Juventus announce the signing of Marcelo Estigarribia. The general response, much like when the club snatched Arturo Vidal earlier this month, is a resounding WHO? Unless you’ve been paying very close attention to La Albirroja during the Copa América (or have regularly watched Newell’s Old Boys in the Argentine Apertura), you have likely seen very little of the Paraguayan midfielder, the second in Juventus’s all-time history (after Tomás Guzmán). A rather strange capture given the arrival of Emmanuele Giaccherini only the day before.
With both players now on board, Antonio Conte has a much improved battery of wingers, even if the ‘big-name capture’ has not arrived (nor is it likely to). With Giaccherini, Estigarriba, Milos Krasic, Cristian Pasquato and utility man Simone Pepe, the new coach has none of the issues balancing Milos Krasic on the opposite flank that besieged Gigi Delneri’s team selection.
But back to the man of the moment. Beppe Marotta seems to confused everybody with the signing truly catching people off-guard. Alarmed once more by our collective lack of knowledge on the player, we turned to Ralph Hannah – Paraguay correspondent for a number of well-known sites – to find out just who Marcelo Estigarribia really is.
What kind of player is Marcelo Estigarribia?
He is your old-fashioned left winger, likes to run at players and is a decent crosser of the ball. Trying to think of a European comparison I would say Arjen Robben – not in terms of quality but style. He will be comfortable playing in a 4-4-2 or as part of an attacking trio.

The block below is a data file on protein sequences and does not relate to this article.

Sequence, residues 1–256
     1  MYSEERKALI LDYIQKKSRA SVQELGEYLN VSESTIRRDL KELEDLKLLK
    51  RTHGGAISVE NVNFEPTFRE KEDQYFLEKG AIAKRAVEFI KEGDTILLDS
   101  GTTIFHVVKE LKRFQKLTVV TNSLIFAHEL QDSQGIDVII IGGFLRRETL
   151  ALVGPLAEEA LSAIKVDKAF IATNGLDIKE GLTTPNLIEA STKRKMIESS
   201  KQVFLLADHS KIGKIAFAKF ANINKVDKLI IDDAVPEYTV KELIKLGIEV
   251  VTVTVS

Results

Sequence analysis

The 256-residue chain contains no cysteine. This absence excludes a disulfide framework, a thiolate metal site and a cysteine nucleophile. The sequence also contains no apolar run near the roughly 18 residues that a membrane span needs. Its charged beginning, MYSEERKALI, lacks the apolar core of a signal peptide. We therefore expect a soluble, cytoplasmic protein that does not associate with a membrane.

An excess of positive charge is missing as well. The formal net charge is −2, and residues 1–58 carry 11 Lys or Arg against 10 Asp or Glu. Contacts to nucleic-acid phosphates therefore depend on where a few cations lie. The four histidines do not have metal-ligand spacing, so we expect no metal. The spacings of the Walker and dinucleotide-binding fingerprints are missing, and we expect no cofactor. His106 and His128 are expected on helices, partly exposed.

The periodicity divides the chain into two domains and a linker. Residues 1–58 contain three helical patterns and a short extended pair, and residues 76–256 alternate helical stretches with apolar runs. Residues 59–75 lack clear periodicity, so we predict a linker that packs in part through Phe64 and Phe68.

What can you tell us of his past, he’s not a player we’ve heard much about?
He made his senior debut at age 17 for Sport Colombia, an unfashionable club in the Paraguayan Primera that ended up getting relegated the same year. Estigarribia moved to Cerro Porteño one of Paraguay’s big four and his finest moment was in the 2008 Apertura when he scored the late winner in the superclásico against Olimpia (Paraguay’s version of River vs. Boca). In August of 2008 he was transferred to French side Le Mans but recently he’s played most of his football at Newell’s Old Boys of Rosario where he was a regular starter last year, unfortunately Newell’s have been struggling for form. Former Paraguay coach Gerardo Martino had used him sparingly until he impressed greatly in the pre-Copa América friendlies and played every game at the tournament. He was arguably Paraguay’s best player.
How suited is he to Italian football?
His pace and ability to run with the ball makes him a dangerous player in a counter-attacking side; he could even be used off the bench in tight games to try and unlock defenses. As I mentioned before, he is a natural winger so he will give Juventus width and could offer good balance with Krasic on the right hand side. His early problem (which affects a lot of players coming from this part of the world) is the physical aspect, not necessarily strength but fitness and adapting to the pace and intensity of a top European league.
Would you say this move looks like good scouting, bargain basement-shopping or panic-buying?
If the reports are correct, a one year loan for €450k with a 5m option to buy, then Juventus have a potential bargain on their hands. Marcelo Estigarribia was one of the best players on show in the Copa América and he gave Dani Alves a tough time in Paraguay’s first game against Brazil – that speaks volumes about his talent. Less than a month from of his 24th birthday, it is a good time to make the step from South America to Europe. As ever there are risks involved with a transfer of this type but I don’t see this as a panic buy, it is an astute signing.
Follow Ralph on Twitter (@paraguayralph) for more great insight on Paraguayan football.